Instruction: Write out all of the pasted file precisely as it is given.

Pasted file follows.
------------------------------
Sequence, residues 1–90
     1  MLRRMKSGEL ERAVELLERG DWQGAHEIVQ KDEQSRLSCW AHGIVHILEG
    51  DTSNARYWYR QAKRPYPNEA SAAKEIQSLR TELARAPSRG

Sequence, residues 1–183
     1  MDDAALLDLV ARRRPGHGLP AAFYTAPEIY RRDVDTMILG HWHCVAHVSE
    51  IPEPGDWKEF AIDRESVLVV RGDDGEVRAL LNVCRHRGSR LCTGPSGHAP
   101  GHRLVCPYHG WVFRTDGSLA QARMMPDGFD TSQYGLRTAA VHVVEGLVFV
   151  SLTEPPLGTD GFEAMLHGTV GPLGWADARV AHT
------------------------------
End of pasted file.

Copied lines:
Sequence, residues 1–90
     1  MLRRMKSGEL ERAVELLERG DWQGAHEIVQ KDEQSRLSCW AHGIVHILEG
    51  DTSNARYWYR QAKRPYPNEA SAAKEIQSLR TELARAPSRG

Sequence, residues 1–183
     1  MDDAALLDLV ARRRPGHGLP AAFYTAPEIY RRDVDTMILG HWHCVAHVSE
    51  IPEPGDWKEF AIDRESVLVV RGDDGEVRAL LNVCRHRGSR LCTGPSGHAP
   101  GHRLVCPYHG WVFRTDGSLA QARMMPDGFD TSQYGLRTAA VHVVEGLVFV
   151  SLTEPPLGTD GFEAMLHGTV GPLGWADARV AHT